‘Salted Earth’ sheds light on coastal threat
Photos by Ben Hemmings November 13, 2023
UD environmental research highlighted in documentary
Scientists call them “ghost forests,” the acres of once-lush trees now reduced to leafless sentinels along the coast. They are among the visible casualties of seawater intrusion, the movement of saltwater inland to freshwater areas, due to sea-level rise.
It’s a process that “causes salt marshes to move into spaces where forests used to be,” according to Holly Michael, University of Delaware professor and director of the Delaware Environmental Institute.
In the documentary “Salted Earth,” Michael and her colleagues shed light on the seawater intrusion occurring along the Mid-Atlantic coast. They show what’s at stake through the eyes of local residents including Lenape Indian Tribe Chief Dennis Coker and provide insight into their team’s research to mitigate the effects.
Michael, the Unidel Fraser Russell Career Development Chair for the Environment at UD, currently leads a National Science Foundation project to investigate this serious coastal challenge with regional colleagues from the Critical Zone Collaborative Network (CZNet), including researchers from the University of Delaware, University of Maryland, University of Maryland Eastern Shore, Virginia Institute of Marine Science, George Washington University and Boston University.
UDaily asked Michael about the film, her research and the future of coastal areas under threat from sea-level rise.
Q: What motivated you to focus your research on seawater intrusion?
Michael: I have been working on coastal water resources and ecosystems for over 20 years. Coastal systems host half the world’s population and are among the most productive ecosystems on Earth, and seawater intrusion is a major factor in their vulnerability. Coastal freshwater systems sit next to an infinite source of contamination in salt from the sea, and as sea level rises and storms become more intense, they are at greater risk of having their water quality degraded.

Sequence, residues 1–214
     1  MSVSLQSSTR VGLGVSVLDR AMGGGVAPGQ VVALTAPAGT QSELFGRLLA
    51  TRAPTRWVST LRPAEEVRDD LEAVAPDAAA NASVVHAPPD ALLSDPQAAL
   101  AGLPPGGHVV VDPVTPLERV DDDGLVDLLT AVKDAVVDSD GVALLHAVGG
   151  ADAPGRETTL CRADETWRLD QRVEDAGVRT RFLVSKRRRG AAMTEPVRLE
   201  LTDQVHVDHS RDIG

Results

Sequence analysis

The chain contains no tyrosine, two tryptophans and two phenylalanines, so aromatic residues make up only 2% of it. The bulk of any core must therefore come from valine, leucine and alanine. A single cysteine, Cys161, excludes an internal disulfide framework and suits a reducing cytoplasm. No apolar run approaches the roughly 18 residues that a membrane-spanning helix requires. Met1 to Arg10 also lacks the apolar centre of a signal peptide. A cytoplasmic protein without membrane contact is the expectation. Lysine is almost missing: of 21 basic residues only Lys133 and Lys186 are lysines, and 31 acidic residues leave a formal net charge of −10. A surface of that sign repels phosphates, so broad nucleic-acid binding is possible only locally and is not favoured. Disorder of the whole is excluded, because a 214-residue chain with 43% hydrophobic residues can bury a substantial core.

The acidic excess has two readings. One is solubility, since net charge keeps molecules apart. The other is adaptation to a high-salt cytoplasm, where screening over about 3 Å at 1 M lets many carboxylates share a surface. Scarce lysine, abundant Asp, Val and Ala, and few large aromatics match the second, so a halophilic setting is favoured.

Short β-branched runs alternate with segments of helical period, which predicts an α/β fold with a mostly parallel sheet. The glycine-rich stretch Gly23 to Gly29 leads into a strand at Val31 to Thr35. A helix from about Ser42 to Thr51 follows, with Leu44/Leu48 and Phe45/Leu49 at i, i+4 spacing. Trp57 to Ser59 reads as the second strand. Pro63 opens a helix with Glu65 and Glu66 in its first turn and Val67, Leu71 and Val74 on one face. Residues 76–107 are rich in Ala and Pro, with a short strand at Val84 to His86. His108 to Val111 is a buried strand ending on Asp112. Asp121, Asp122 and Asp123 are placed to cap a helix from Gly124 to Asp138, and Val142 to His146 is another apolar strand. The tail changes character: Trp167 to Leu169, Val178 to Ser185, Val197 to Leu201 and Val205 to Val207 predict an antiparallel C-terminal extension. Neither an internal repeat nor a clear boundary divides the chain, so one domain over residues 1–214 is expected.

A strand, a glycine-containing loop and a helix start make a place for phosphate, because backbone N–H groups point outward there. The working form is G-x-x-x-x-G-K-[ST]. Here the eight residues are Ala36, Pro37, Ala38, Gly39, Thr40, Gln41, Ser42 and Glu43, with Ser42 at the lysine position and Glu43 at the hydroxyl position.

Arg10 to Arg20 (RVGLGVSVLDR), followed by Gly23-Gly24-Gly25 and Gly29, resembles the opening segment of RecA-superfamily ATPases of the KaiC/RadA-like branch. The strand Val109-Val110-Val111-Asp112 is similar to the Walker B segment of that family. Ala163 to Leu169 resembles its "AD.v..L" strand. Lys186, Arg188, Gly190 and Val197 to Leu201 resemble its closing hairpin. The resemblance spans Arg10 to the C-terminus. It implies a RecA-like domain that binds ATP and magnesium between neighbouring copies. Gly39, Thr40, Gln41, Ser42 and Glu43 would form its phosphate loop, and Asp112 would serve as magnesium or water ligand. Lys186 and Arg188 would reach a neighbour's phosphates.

On the flip side, our salt marshes provide critical habitats and sequester large amounts of carbon, which in turn, reduces the acceleration of climate change. They also protect the areas behind them from flooding during storms. As sea level rises, these marshes are drowning on the seaward side, so it is important to understand how they can move inland as seawater intrusion occurs.
Q: Why is sea-level rise such a serious issue along the Mid-Atlantic coast?
Michael: It’s a perfect storm here: The land is sinking while the sea level is rising. In the Mid-Atlantic, the land surface elevation is falling because of the long-timescale response of Earth’s crust to glacial retreat that began thousands of years ago. And sea level is rising at the same time. So, the Mid-Atlantic is seeing among the highest rates of relative sea-level rise globally. To make matters worse, the Mid-Atlantic coastal plain is very flat — Delaware has the lowest average elevation of any state in the U.S. So, it’s doubly vulnerable.
Q: How can we mitigate seawater intrusion going forward — what are the best strategies to prevent further damage?
Michael: There are a number of strategies to mitigate negative effects. One is to manage water resources effectively, considering the various risks of salinization, which means that we should make smart decisions about how much fresh groundwater to pump or surface water to use. There are strategies that can be taken to protect agricultural land and communities from flooding. One approach is to just let the salt marsh migrate naturally into the upland. Although this process may seem counterintuitive, taking up space that was once farm or lawn, it also maintains an important ecosystem that helps protect the land behind it from flooding.
Q: What was it like creating the film, and what message are you hoping the audience will take away from it?
Michael: As a scientist, I had never been involved in making a film. It was fantastic to work with the filmmaking team and to see their creative process. They were able to tell the story of the landscape and the communities in ways we often struggle to, as scientists. I hope the audience will take away new understanding of how sea-level rise is affecting our ecosystems, farms and communities so that together we can develop strategies and solutions to adapt to and mitigate changes.
The 20-minute film was co-produced by Canadian filmmaker Ben Hemmings and journalist Joseph Coppolino with Jon Cox, associate professor of art and design at UD.
A live screening of the film will be held Wednesday, Nov. 15, starting at 6:30 p.m., at Stroud Water Research Center, 970 Spencer Road, Avondale, Pennsylvania. A panel discussion will follow. The event is free; registration is required.